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State won't penalize school districts with high opt-out numbers

School districts with high numbers of students boycotting state standardized tests would not be penalized under changes being recommended by the state Education Department.

New regulations proposed in May could have forced school districts with high opt-out rates to use a portion of their federal funding to encourage greater participation on the state assessments.

Instead, the state Education Department is proposing that the Board of Regents remove that controversial provision when it meets Monday.

“I’m glad they decided to not put that in there, because that’s not the intent of the money,” said Christopher J. Cerrone, a co-founder of Western New Yorkers for Public Education and New York State Allies for Public Education, groups that encourage refusing the tests. “It’s a positive step.”

The state is rolling out new regulations intended to meet requirements set down under federal legislation approved in 2015 known as the Every Student Succeeds Act, or ESSA.

The federal law requires, among many other things, a 95 percent participation rate on the state assessments in math and English language arts administered in the spring.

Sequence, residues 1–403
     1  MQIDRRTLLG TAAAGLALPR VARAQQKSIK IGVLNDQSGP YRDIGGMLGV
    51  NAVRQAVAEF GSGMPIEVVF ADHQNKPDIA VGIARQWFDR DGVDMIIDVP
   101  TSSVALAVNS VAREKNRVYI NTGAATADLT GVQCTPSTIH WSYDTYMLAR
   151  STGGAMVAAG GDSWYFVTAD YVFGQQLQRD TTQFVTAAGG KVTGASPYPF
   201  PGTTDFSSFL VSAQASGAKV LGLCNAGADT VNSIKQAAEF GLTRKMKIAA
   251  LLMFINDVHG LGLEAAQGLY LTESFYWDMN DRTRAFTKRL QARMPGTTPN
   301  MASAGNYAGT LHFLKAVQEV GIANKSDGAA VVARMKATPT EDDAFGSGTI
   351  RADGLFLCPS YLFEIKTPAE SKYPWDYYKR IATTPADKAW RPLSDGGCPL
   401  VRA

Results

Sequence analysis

It also gives states leeway on how to meet that goal, including requiring districts with consistently low participation to set aside Title I funds – money allocated for low-income students – to boost participation.

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The impact would have been far reaching in school districts around New York, including those like West Seneca and Williamsville, which have had high opt-out rates in recent years.

The state Education Department said it received about 1,900 comments in response to its draft regulations, the majority of which were related to student participation on the state assessments.

Based on that feedback, state officials decided to scrap the plan.

“Paramount to any good public policy is engagement with stakeholders,” State Education Commissioner MaryEllen Elia said. “Following a thoughtful and productive discussion and considering the comments received, I am confident these changes will benefit students across the state.”

The decision drew praise from union leaders. New York State United Teachers called it "a victory for the hundreds of NYSUT members who opposed the draft regulations and defended parents’ right to opt their children out without penalty or pressure."

A full list of the proposed changes can be found on the state Education Department's website.

NYSUT noted, however, that proposed regulations still will take participation rates into consideration when identifying schools in need of improvement. One of the changes under consideration by the Board of Regents on Monday would also make it easier for schools with high opt-out rates to get off that list, as long as they are performing well academically.

Some think that's not enough. Cerrone said the regulations would still unnecessarily label some schools with high opt-out rates as needing improvement, putting pressure on school administrators to reduce opt-outs, which in turn puts pressure on parents to opt-in.

“You’re pitting schools against families,” Cerrone said, “and that’s a shame that it’s happening.”

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